Occurring only in the Northwest, the Oregon spotted frog appears to have been extirpated (made locally extinct) from more than three-quarters of its former range. Historically, these frogs found the habitat they prefer – open water with some shallow areas and aquatic plants – in the flood plains of larger bodies of water. As humans have controlled flooding and introduced invasive species, suitable habitat has decreased.
Conservationists at the Center for Natural Lands Management (CNLM) are working to create and maintain suitable habitat for this frog, a candidate for listing under the federal Endangered Species Act. At Mima Creek Preserve, a conservation area adjacent to the Black River owned by the Nature Conservancy and managed by CNLM, conservationists created five acres of open water ponds and planted native emergent vegetation on what was formerly agricultural or grazed lands. CNLM also works to protect the open water areas from invasive species such as reed canary grass, which can quickly encroach on the ponds.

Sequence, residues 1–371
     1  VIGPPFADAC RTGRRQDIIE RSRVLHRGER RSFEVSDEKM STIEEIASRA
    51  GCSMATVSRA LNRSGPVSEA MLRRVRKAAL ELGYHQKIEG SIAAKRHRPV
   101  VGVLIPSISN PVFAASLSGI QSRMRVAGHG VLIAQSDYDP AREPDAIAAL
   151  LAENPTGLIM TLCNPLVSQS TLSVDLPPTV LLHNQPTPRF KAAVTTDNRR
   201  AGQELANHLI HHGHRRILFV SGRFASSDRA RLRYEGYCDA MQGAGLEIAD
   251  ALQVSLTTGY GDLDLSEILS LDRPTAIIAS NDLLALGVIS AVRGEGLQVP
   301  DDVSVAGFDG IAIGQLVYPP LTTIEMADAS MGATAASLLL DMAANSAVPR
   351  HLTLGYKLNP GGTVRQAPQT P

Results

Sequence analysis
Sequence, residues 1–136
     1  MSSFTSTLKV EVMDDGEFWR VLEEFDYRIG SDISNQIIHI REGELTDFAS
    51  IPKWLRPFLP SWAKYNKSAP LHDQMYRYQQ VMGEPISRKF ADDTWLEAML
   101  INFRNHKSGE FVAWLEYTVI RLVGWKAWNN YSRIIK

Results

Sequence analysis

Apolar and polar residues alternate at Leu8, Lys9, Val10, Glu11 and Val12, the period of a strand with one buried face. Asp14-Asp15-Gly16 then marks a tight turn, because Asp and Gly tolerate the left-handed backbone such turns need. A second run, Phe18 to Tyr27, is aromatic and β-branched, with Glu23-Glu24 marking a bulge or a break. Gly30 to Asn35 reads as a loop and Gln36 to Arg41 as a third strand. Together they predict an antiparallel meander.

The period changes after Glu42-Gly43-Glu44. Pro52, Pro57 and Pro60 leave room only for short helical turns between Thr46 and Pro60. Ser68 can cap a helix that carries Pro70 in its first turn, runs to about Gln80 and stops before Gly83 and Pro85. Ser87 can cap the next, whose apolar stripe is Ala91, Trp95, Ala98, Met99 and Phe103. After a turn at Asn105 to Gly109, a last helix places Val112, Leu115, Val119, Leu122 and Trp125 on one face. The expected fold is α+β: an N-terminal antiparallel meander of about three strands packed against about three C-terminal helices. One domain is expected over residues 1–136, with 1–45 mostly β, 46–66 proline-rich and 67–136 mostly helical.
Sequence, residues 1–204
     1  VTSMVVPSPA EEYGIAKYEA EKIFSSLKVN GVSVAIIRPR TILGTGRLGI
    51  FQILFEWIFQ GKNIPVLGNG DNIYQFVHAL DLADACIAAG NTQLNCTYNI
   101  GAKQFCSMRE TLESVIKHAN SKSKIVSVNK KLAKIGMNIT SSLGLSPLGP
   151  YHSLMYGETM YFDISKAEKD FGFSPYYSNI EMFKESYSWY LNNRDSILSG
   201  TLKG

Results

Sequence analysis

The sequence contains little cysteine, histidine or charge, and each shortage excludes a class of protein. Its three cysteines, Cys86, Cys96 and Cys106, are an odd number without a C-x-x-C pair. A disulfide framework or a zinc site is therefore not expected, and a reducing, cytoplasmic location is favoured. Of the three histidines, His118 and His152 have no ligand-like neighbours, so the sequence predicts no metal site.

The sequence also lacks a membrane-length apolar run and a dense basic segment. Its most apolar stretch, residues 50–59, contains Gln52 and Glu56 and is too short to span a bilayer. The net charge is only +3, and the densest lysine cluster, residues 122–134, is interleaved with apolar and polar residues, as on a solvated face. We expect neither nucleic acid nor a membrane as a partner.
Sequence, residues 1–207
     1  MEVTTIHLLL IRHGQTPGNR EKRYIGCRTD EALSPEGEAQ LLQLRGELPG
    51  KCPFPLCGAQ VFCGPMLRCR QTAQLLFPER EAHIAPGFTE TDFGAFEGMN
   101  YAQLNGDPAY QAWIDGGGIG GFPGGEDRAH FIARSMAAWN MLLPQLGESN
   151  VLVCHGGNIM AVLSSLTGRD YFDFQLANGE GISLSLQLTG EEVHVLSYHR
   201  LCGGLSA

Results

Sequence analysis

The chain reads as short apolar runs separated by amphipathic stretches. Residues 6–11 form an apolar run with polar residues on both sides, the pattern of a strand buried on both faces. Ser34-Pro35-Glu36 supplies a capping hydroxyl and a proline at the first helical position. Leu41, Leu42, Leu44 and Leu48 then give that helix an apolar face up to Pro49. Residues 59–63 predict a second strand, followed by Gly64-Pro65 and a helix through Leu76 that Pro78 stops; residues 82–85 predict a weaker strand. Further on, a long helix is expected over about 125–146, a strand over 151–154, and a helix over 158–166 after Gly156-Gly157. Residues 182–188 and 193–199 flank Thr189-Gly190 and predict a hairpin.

So far, monitoring indicates the area is a magnet for many native amphibians and reptiles, in addition to other wildlife, although no Oregon spotted frogs have yet been sighted. CNLM plans ongoing monitoring of all amphibians and reptiles and hopes one day to release captive-reared Oregon spotted frogs into the area if they do not return of their own accord.